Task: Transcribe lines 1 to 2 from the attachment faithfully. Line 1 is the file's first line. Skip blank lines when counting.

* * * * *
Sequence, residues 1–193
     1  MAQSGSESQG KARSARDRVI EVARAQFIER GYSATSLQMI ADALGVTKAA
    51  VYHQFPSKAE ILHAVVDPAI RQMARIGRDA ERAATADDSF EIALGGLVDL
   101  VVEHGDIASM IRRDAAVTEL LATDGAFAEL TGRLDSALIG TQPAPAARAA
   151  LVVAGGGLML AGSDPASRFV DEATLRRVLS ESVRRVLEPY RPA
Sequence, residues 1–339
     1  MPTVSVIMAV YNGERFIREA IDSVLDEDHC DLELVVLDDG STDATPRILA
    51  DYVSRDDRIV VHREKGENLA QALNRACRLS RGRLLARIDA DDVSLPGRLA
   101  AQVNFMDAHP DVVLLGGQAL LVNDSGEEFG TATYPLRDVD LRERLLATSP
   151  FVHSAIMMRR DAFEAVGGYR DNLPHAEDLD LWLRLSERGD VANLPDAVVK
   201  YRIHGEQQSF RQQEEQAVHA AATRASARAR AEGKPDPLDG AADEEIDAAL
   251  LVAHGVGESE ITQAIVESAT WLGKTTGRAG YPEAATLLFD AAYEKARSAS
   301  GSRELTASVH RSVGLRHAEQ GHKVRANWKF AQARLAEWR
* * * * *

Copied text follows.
Sequence, residues 1–193
     1  MAQSGSESQG KARSARDRVI EVARAQFIER GYSATSLQMI ADALGVTKAA